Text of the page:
Women of Valor: an Evolving Role Model
JWA has an enlightening poster series dedicated to 16 women tagged as Women of Valor. The exhibit introduces itself explaining, “Women of Valor recognizes and highlights the lives and accomplishments of sixteen trailblazing Jewish women, each of whom had the courage and conviction to overcome the social, cultural, and religious barriers she faced in creating a more just and equitable world.”
The exhibit has me thinking—about the concept of valor, about the traditional hymn, and about whom we might tag as contemporary Women of Valor.
The word itself, valor, can be defined as personal bravery—when I think of valor I think of someone who not only speaks, but also acts with a just intent, who is able to keep the needs of others in perspective to her own needs, and is dedicated to improving the world in both small and large ways. But, valor hasn’t always held this connotation in traditional Jewish Biblical literature. To understand how we define women of valor we must first take a look back at where the phrase originated.
Woman of Valor, or Eishet Chayil in Hebrew, is a hymn that rounds out the book of Proverbs. The poem speaks of a woman of valor as one who is strong and righteous—and also capable of keeping a good, Jewish household. A husband traditionally sung the hymn to his wife, with the words “her husband's heart relies on her and he shall lack no fortune,” speaking to the importance of having a capable wife to care for the household.
I’ve had a few personal experiences with the traditional hymn, all of which have given me cause to stop and think. When my grandmother passed away, the hymn was recited at her funeral. My family, like many Jewish families, does our best processing through humor. The reading just did not seem to sum up the true worth and meaning of Grandmother, and so when the words began flowing we all avoided eye contact at the risk of laughing out loud. There were a great deal of things to celebrate about my grandmother, but her housekeeping and cooking where not at the top of the list. Leaving the cemetery that day, I wondered if we were unique in our squeamish discomfort with the hymn. I have since found out that we are not.
I recently had the fortune to read through a sermon given in 1972 by Martha Hadassah Ribalow Nadich, wife of Rabbi Judah Nadich. Rabbi Nadich was an early outspoken advocate for women’s rights—his synagogue was one of the first synagogues to call women for aliyot and count them for minyanim. When Rabbi Nadich was president of the Rabbinical Assembly he advocated for women being rabbis in the Conservative movement, years before it happened. A line from his obituary in the New York Times spoke of his support for women within Conservative Judaism; “Shuly Rubin Schwartz, a professor of American Jewish history at the Jewish Theological Seminary, said that Rabbi Nadich pushed the edges of modernity ‘when the movement was struggling with how and to what extent to grant women equality in Jewish ritual.’”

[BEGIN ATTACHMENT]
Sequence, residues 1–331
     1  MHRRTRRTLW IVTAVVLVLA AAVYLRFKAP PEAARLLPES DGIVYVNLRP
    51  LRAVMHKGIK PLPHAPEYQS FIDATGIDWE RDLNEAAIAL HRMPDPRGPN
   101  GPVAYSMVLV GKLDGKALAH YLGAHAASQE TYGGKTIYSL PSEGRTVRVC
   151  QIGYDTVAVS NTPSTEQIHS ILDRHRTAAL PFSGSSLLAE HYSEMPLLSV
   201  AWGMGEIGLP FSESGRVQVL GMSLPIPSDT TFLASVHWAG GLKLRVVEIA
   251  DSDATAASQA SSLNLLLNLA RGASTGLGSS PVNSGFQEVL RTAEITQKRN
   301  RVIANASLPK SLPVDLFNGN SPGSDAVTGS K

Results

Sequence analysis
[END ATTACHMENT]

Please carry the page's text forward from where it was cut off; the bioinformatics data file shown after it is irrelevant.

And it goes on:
I’m lucky enough to know Rabbi Nadich’s daughter, Nommi, quite well. She’s a former boss of mine, and remains a mentor and trusted friend. (If we are redefining women of valor, Nommi would be at the top of the list.) Nommi shared her mother’s sermon with me—which was the only time she ever preached publically about the role of women. The sermon takes the traditional idea of Women of Valor to task, stating “clearly, the ideal Jewish woman (of the Psalm) is she who served her husband and her children, and is the instrument for their fulfillment.” Martha Hadassah Nadich continues on, pushing women to redefine their worth and their standing in the community.
When I told Nommi that I wanted to write something about the hymn, she informed me that her mother insisted that her father stop singing the hymn to her each Friday night, as she hated it so much. She found it to be patronizing, instead of affirming. She didn’t want her worth to be summed up in a bit of token public recognition for slaving away in a kitchen, making yet another meal. Martha Hadassah felt that she—and other Jewish women—should be recognized for not just their cooking and beauty, but for their intellectual interests, their contributions to the community, and their accomplishments in the world. She wasn’t alone in this thought process—other women have balked at the idea of being related to the hymn.
One of my favorite aspects of Judaism is that it is a religion capable of growth and change. Definitions, language, even ideas of inclusivity, have all grown as new times have challenged old ways. In fact, Martha Hadassah Nadich reminds us in her sermon that the very term of Jewish law, halachah, literally means movement, or “a going forward.” We aren’t bound to traditional definitions of valor, and as our community evolves, women have found a way to reclaim and redefine the term as something uplifting, not restricting.
My charge to you is to think about what valor means to you and to your community. Take this time to conjure the image of a Jewish woman who embody a definition of valor like that of Martha Hadassah Nadich, someone dedicated to making a safe Jewish world—both inside and outside of the home. Who are your personal women of Valor?